https://www.psychologytoday.com/us/blog/word-less/202009/covid-19-and-the-denial-death According to Becker in his Pulitzer Prize-winning book “The Denial of Death” (1973), the knowledge that we as individuals are fated to die is a uniquely human problem, one that can lead to existential despair, mental illness, and paralysis of the will. As a result, he claims, we humans have evolved different methodsContinue Reading

Can drinking #coffee actually lower your death risk? Here’s what a new study found: https://t.co/dN3zJ6vKto ? pic.twitter.com/qvIT7REIYt – Cleveland Clinic (@ClevelandClinic) October 17, 2017 Are you a big fan of coffee? Can you not really function if you’ve not had that morning cup? We all have our reasons for lovingContinue Reading

Do People With Mental Illness Really Die 25 Years Younger? @gabehoward29 investigates. . .https://t.co/a3Mk3MFUHH — PsychCentral (@PsychCentral) April 9, 2017 t’s unreasonable to believe that everyone with mental illness will die 25 years younger – just as it’s unreasonable to believe that everyone in America is missing part of aContinue Reading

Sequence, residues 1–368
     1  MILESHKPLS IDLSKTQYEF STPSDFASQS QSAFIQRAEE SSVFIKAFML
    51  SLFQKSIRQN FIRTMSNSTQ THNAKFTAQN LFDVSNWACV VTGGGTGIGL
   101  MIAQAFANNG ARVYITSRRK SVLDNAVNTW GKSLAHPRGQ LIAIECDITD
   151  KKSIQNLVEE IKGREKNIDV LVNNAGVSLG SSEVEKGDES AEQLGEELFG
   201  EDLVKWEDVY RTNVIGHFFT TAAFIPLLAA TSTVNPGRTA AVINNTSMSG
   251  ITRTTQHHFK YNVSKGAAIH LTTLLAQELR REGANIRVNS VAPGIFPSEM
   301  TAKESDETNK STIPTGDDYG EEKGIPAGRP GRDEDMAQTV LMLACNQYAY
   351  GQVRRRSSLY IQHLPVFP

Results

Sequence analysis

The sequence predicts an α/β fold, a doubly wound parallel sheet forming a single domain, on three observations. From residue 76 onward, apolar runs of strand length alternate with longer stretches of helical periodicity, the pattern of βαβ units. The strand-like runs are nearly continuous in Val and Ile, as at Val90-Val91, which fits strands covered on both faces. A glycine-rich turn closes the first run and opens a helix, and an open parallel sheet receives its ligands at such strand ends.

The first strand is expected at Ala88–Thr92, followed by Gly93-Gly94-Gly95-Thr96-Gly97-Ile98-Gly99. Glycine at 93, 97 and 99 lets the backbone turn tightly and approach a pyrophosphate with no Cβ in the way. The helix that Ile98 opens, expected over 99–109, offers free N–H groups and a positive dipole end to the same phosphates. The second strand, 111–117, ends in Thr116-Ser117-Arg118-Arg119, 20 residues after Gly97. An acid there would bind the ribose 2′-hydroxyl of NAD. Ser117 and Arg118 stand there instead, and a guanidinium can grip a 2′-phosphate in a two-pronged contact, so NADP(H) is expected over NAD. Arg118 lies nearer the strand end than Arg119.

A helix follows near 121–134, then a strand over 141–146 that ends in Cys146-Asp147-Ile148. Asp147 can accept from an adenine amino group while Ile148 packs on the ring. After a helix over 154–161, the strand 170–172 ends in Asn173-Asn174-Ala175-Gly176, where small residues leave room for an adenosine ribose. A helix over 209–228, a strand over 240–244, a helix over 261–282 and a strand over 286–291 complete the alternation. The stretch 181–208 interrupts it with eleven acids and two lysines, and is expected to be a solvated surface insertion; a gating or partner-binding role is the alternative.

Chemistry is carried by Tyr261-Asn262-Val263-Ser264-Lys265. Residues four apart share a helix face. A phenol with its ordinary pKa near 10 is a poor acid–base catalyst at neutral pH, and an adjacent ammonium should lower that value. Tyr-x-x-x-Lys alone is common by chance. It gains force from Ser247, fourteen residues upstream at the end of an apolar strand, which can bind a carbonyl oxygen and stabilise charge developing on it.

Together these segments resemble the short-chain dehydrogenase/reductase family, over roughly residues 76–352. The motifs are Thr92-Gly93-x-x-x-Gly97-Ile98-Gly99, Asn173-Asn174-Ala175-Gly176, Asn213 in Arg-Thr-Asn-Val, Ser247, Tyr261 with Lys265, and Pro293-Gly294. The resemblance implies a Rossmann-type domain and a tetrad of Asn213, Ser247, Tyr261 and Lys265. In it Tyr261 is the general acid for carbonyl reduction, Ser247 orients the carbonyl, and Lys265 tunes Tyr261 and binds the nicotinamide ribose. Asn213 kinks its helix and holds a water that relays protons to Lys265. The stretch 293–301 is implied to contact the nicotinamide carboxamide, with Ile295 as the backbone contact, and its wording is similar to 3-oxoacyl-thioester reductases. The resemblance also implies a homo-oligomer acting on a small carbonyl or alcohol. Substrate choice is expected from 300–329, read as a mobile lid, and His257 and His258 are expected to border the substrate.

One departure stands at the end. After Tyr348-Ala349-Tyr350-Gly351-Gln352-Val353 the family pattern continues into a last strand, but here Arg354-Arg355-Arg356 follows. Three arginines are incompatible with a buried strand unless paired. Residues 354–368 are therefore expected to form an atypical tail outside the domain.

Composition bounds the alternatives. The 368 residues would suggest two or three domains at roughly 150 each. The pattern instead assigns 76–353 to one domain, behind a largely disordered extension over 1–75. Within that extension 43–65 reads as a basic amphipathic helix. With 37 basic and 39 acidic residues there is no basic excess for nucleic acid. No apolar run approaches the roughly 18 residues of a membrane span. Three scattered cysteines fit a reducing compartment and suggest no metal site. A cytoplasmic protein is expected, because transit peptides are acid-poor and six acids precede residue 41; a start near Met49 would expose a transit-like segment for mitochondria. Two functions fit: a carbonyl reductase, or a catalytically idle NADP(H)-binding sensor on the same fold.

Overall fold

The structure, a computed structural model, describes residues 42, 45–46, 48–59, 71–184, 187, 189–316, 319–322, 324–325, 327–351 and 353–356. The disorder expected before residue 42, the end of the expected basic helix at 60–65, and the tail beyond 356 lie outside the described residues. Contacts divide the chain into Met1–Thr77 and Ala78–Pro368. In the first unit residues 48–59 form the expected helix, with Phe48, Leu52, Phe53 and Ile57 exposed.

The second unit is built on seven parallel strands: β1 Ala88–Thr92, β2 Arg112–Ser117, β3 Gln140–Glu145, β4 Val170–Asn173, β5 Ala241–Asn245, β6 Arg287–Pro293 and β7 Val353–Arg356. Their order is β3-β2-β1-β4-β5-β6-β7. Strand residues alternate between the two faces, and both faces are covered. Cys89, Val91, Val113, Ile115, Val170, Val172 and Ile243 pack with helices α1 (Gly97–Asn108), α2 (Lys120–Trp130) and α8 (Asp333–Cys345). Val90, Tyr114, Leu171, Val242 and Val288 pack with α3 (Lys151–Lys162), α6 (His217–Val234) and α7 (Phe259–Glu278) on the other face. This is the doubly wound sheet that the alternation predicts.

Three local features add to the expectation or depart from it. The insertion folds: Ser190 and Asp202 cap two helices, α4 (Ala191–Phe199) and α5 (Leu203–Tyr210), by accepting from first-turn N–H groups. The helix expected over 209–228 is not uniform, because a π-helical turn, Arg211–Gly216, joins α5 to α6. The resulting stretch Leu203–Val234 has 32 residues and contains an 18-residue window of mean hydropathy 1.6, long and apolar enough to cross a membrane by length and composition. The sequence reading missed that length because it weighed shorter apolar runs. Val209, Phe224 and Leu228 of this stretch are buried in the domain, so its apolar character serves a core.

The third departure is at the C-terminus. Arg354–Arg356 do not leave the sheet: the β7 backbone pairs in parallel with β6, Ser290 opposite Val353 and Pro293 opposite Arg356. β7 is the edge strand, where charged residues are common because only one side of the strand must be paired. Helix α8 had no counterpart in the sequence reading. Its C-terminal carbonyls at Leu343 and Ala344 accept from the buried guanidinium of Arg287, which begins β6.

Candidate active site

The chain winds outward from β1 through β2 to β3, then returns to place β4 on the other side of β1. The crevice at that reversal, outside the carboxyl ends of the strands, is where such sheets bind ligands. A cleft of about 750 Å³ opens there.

http://www.artofmanliness.com/2011/03/20/what-man-understands-that-he-is-dying-daily-this-is-your-life/?utm_content=bufferb8053&utm_medium=social&utm_source=twitter.com&utm_campaign=buffer There’s nothing like having a kid to make you acutely aware of your own mortality. As Jerry Seinfeld observed when he had kids, “Make no mistake about why these babies are here – they are here to replace us.” It’s amazing to look at a baby and realize heContinue Reading

Thinking about death makes people value the future, study suggests https://t.co/RQlJ2lTOvZ pic.twitter.com/bLbP6wcRsr — PsyPost.org (@PsyPost) December 13, 2015 “Death is a stark reminder that the future is not guaranteed, so it is reasonable to believe that thoughts of personal mortality make one even more inclined to value today over theContinue Reading

http://www.nzherald.co.nz/nz/news/article.cfm?c_id=1&objectid=11505768 Middlemore Hospital in Auckland has been criticised over a vague policy, missed opportunities and “unacceptable” delay in treating a man who died from the overwhelming effects of infection. The man, aged in his 60s, went to the emergency department in 2011 suffering severe back pain several weeks after havingContinue Reading